I acquired this cab in August 2016. These cabs were primarily intended for PA and so were normally sold in pairs. Each cab was rated at 50 watts so a pair would handle 100 watts, such as that produced by the WEM PA100. The bottom section of the cab contains a Celestion 15″ G15M driver and this section of the cab is designed with ports at the top for directing the sound – hence the “reflex” part of the name. The top section of the cab is separated from the bottom section and contains a Peerless 12″ mid-range twin coned driver with flares at the front of the section for directing the sound. Attached to the top of the cab via 2 bolts is a single Celestion T1360 horn/tweeter. These cabs appear in the Bell Musical Instruments catalogue for 1977 and also in the 1978 Sound Like WEM brochure. However, I can find no reference to them prior to 1977. This dates these cabs from around 1977 to the early 1980s.
The first pictures of my cab show it exactly as it came to me. It was in reasonable condition but needed significant restoration to the base of the cab. One of the pics shows the cab with an ER40 amp sitting on top which, for those of you familiar with WEM amps, will give you a good idea of the size of this cab. There are additional pics and text further down this section which describe what was done to the cab and which show how it looks now.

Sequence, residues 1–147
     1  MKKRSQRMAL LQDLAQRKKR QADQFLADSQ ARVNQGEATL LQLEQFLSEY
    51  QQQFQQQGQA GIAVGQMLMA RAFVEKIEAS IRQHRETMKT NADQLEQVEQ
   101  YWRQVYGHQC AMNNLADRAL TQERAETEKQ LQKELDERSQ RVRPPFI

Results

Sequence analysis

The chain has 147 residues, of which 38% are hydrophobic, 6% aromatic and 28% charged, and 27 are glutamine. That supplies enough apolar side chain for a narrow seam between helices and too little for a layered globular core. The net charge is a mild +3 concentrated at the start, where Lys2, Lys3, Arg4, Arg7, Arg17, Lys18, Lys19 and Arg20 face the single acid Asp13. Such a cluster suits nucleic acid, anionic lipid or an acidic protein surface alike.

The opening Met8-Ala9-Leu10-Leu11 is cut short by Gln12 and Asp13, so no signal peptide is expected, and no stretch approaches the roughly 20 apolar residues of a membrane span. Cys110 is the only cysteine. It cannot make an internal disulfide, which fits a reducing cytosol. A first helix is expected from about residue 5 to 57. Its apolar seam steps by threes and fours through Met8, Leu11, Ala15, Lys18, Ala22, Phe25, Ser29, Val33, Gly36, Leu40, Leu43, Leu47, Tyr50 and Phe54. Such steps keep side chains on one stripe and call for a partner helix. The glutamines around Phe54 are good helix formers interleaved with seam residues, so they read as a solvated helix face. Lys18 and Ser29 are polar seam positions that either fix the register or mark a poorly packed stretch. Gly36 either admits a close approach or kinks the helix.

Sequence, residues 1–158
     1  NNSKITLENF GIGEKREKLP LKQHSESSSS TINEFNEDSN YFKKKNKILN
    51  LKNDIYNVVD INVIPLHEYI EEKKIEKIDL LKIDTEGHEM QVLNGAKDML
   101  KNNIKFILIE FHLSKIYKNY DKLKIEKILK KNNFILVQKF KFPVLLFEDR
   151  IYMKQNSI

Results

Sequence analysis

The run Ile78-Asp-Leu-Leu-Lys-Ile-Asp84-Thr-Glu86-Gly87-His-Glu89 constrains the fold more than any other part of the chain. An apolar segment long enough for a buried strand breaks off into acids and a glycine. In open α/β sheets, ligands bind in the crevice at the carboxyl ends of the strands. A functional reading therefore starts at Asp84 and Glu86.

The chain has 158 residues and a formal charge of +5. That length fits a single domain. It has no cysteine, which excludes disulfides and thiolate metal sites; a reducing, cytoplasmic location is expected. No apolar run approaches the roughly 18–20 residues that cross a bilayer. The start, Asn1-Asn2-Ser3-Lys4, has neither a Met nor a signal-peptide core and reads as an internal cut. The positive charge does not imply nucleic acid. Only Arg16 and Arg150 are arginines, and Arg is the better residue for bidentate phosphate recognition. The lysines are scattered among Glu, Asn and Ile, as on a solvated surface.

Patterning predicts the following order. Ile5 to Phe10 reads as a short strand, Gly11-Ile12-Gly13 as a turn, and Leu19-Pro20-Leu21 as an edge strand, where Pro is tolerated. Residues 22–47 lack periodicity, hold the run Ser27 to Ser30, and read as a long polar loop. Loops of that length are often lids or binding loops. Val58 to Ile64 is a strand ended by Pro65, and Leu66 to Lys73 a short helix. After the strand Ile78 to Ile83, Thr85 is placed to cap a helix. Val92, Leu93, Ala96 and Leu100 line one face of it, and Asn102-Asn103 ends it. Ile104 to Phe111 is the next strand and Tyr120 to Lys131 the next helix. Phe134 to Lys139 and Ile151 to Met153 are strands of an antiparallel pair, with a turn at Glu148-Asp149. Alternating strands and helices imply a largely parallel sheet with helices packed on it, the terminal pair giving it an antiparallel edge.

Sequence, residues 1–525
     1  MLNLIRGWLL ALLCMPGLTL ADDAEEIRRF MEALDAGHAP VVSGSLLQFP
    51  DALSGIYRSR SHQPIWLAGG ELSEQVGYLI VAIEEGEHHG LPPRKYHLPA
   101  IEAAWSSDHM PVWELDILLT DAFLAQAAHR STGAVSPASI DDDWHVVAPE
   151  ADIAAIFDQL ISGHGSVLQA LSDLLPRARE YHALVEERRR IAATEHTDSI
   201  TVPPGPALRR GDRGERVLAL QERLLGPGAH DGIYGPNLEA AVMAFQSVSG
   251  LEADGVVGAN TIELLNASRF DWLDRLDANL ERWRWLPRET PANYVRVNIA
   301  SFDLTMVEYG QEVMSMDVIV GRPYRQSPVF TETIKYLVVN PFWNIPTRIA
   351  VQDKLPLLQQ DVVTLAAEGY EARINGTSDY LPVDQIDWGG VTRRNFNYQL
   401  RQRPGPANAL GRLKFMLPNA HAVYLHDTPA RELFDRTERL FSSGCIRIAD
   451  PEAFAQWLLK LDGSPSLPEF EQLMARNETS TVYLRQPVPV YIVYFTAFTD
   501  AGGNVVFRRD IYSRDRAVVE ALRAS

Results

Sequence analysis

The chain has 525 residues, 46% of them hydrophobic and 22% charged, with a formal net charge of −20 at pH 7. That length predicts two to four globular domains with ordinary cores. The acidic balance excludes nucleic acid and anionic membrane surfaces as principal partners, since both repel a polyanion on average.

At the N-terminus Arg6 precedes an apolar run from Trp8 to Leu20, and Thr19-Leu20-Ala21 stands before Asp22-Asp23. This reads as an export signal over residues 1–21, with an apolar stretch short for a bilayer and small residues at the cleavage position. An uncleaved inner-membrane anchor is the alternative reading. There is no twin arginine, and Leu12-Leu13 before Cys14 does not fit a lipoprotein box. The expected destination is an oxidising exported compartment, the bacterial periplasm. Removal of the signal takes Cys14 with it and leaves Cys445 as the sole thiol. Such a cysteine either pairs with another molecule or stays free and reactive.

I’ve now completed the refurbishment of this cab. The bottom of the cab needed most work as a lot of the original tolex was missing and the front edge of the woodwork was badly worn. I removed what was left of the tolex and filled the front edge with filler and then rubbed it down so that it was back to the shape it should have been. I then applied a new piece of black basket-weave tolex which was wrapped over the front and rear edges so that there was no join. Joins on the bottom side edges were unavoidable so I made these as neat as possible and they are only visible on close inspection. I also fitted a set of WEM feet which were salvaged from another WEM cab. The first 2 of the following pics show the base panel as it is now and hopefully you can see the comparison with the previous picture. I could have removed the lower front grill cloth to clean and repair it but, on this cab, the grill is attached to a secondary frame which is pinned and glued to the main baffle board and it could only have been removed with a hammer, chisel and brute force. I’ve removed this frame on other cabs which were in worse condition but it is almost inevitable that the frame would be damaged and need replacing so I took the decision that the condition of the grill cloth did not justify the time, effort and risk involved in removing the frame. So I left it well alone. I replaced the plastic handles with a matching pair of handles that I had spare. I could also have removed and painted the red WEM logo. The logo is held in place by studs on the back of the metal log and some glue. Again, this is something I’ve done on other cabs but it has the risk of causing more damage to the logo so, again, I decided to leave well alone. So all that was left was to repair any small tears in the tolex and then clean and polish the tolex. I can’t say it looks as good as new because it doesn’t. But it does look a lot better and cleaner than it did. The serial no. for this cab is hand-written on the impedance label at the back. I’ve tried to show this in one of the pics but the writing is badly faded and so doesn’t show up in the pic..